Narayana Pai, C.J.
1. All these three cases raise question about the entitlement of the petitioners to special scales of pay given to members of the tutorial staff of Technical Institutions on the recommendation of the All India Council of Technical Education. These higher scales intended for improving the calibre of teaching staff were first paid out of the funds placed at the disposal of the various State Governments by the Central Government. The scheme was originally intended to last for a period of five years with the expectation that thereafter the State Government might continue them out of State funds. It would appear that in this State though the initial period of five years has lapsed the State Government is continuing the benefit of the higher scales for those to whom they were extended when the scheme was first introduced.
2. The petitioner In W. P. 5320/ 69 was at the time the scheme was initiated working as Principal of the Government Polytechnic at Bellary having been promoted thereto a few months previously from a Class II Post to which he had been recruited as a Diploma holder.
3. The petitioner in W. P. 714 of 1967 was at the relevant period a Lecturer having been promoted from the category of Demonstrators to which he had been recruited as a Diploma holder. The petitioner in W. P. 788 of 1967 was a lecturer in Science who held a bachelor's degree in Science.
4. According to the terms and conditions for the application of these higher scales, a principal to secure the scale of Rs. 800-1250 had to be person who had at least a second class degree In Engineering with not less than eight years* professional experience of which at least four years should be in the teaching field. For a Lecturer to get the higher scale of Rs. 350-850. it is necessary that he should have at least a second class degree in the appropriate branch of Engineering with at least two years' professional experience. For a Lecturer in Science subjects it is necessary that he should possess a Master's degree in the first division in Science with at least two years' teaching or research experience.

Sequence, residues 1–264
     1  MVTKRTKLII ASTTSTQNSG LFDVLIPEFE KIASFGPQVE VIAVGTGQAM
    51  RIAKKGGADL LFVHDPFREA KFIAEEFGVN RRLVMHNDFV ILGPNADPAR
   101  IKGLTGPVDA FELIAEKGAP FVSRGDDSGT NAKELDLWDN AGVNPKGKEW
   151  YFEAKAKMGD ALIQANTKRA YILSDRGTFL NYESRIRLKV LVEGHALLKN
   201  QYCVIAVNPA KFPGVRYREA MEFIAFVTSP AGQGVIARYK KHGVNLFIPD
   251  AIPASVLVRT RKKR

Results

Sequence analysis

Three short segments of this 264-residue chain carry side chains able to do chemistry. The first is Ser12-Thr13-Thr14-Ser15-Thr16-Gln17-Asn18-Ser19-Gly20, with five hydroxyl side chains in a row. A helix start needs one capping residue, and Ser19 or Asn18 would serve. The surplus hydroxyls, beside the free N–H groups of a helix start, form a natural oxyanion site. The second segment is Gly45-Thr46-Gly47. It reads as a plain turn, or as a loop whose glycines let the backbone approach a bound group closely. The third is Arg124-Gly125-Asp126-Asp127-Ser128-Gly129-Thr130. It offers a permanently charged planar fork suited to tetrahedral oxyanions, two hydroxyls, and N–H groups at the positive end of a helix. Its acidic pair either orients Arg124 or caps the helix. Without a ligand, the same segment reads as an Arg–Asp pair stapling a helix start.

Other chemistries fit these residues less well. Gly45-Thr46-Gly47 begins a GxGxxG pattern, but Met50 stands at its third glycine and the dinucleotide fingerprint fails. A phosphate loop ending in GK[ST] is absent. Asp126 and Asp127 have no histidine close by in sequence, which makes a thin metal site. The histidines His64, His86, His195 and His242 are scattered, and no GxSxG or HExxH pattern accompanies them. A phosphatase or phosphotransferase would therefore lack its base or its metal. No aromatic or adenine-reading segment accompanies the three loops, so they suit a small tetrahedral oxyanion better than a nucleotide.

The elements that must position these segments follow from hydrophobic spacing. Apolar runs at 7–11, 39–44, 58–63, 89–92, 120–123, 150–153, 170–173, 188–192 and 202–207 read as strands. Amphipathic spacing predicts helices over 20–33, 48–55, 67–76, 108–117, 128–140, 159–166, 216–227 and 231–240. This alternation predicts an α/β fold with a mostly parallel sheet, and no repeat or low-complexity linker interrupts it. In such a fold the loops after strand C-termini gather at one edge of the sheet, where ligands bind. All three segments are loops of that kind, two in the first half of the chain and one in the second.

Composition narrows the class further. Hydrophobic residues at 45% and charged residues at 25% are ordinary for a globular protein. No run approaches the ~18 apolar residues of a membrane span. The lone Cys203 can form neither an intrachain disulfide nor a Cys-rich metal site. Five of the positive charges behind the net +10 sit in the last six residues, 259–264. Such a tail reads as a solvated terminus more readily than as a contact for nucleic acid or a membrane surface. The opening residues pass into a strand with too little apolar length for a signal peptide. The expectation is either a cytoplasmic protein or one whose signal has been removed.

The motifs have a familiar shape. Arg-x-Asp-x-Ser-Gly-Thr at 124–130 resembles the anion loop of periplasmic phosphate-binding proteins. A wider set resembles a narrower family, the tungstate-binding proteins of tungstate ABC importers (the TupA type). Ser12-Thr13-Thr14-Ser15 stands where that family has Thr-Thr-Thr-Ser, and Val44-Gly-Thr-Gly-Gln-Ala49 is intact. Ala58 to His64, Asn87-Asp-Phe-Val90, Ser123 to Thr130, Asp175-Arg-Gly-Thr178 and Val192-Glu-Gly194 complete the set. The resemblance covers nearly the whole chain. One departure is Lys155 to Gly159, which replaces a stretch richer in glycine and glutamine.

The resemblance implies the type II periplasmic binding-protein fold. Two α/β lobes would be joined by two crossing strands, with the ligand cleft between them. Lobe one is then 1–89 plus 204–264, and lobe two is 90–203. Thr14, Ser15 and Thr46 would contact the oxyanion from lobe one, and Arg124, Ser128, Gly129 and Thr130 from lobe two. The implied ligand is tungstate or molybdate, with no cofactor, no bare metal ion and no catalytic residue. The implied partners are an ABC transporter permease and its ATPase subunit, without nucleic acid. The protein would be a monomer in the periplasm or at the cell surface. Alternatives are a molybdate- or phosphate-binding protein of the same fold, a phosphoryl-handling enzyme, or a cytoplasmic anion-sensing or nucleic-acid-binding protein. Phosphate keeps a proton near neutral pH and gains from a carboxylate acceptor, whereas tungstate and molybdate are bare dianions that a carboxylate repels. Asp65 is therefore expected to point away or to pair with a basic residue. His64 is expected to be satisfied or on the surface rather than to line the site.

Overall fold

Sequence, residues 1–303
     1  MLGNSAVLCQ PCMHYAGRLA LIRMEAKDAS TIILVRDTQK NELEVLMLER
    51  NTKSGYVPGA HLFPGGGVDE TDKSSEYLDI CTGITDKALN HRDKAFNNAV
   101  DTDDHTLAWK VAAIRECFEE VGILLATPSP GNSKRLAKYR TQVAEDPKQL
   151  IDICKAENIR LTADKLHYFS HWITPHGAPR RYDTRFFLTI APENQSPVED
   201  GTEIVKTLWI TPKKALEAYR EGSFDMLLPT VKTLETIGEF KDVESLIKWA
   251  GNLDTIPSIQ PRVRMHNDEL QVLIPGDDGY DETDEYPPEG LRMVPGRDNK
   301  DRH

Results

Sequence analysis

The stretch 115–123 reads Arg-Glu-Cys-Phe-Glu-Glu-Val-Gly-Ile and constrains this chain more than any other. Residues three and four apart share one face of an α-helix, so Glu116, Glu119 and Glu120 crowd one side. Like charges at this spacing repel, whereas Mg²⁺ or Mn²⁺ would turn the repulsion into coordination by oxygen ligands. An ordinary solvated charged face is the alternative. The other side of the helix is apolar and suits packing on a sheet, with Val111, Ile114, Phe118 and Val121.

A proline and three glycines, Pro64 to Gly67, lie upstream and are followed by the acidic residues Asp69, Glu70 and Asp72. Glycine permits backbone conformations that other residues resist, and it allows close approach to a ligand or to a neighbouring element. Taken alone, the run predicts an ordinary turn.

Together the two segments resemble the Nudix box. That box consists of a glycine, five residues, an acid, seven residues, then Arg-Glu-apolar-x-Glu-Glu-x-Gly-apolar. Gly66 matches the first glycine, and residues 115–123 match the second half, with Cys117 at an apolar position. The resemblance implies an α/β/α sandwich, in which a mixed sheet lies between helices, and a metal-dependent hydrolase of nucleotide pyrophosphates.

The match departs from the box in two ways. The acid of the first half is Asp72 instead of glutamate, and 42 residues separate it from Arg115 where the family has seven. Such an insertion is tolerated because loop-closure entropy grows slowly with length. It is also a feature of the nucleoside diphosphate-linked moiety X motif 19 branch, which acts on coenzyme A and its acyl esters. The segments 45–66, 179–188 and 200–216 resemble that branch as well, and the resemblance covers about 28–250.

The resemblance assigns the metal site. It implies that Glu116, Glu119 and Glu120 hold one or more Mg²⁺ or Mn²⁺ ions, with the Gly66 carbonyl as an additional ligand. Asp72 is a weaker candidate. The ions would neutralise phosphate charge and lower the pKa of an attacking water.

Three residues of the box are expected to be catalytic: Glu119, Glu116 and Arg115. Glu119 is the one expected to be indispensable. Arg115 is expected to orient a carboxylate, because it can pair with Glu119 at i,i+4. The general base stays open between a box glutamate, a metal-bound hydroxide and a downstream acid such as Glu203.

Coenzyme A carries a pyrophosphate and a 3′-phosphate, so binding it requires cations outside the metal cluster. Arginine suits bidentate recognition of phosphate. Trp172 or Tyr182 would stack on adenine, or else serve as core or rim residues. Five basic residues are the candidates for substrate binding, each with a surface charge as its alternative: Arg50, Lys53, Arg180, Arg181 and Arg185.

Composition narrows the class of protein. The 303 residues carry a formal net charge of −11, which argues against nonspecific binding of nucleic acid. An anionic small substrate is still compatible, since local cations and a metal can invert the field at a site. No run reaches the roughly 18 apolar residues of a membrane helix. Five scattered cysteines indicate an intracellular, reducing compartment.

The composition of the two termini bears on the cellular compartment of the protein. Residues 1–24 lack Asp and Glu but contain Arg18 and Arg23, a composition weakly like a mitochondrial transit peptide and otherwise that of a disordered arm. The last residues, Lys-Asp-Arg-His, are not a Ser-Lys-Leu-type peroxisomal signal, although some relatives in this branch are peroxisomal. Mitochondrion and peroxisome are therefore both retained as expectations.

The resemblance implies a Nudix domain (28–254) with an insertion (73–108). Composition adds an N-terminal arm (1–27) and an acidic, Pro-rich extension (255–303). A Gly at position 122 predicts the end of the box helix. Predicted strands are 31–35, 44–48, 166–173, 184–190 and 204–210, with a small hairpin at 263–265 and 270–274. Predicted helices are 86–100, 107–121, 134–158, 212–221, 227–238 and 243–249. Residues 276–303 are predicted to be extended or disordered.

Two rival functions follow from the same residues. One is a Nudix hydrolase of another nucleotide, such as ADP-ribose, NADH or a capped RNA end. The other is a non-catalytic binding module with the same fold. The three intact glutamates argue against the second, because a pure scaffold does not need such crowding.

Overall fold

5. These petitioners have not been given the benefit of the higher scales because they do not possess the educational qualifications prescribed therefor The petitioner in W. P. No. 5320/69, as already stated, is only a Diploma holder. Likewise the petitioner in W. P. 714 of 1967. The petitioner In W. P. 788 of 1967 has only a Bachelor's degree and not a Master's degree In Science.
6. On the language of the prescription there can be no doubt, therefore, that none of the petitioners was entitled to the benefit of the higher scales.
7. The petitioners however, contend that to extend the benefit of the scale to other persons in their respective categories but deny the same to them on the ground of educational qualifications alone brings about a discrimination violative of Article 14 of the Constitution and that is the only point for investigation common to all these three cases.
8. To a great extent, any discussion on first principles is rendered unnecessary by the declaration of the law made by the Supreme Court in the case of State of Mysore v. Narasing Rao, : (1968)IILLJ120SC . That was a case In which different scales of pay were prescribed by the State Government of Mysore for tracers who had passed the S. S. L. C. Examination and those who had not passed the said examination. The Supreme Court upheld the validity of the prescription of different scales to tracers on the ground of possession or non-possession of the educational qualification of having passed the Secondary School Leaving Certificate Examination They point out that the provisions of Art 14 or Article 16 of the Constitution do not exclude the laying down of selective tests nor do they preclude the Government from laying down qualifications for the posts in question and conclude by stating that higher educational qualifications are relevant considerations for fixing a higher pay scale.
9. The statement of the principle, therefore, is that there is nothing intrinsically wrong or unconstitutional in relating pay scales to educational qualifications nor is there anything intrinsically wrong in dividing Government servants into categories on the basis of educational qualifications provided of course the educational qualification is shown to have a reasonable nexus with the nature of service.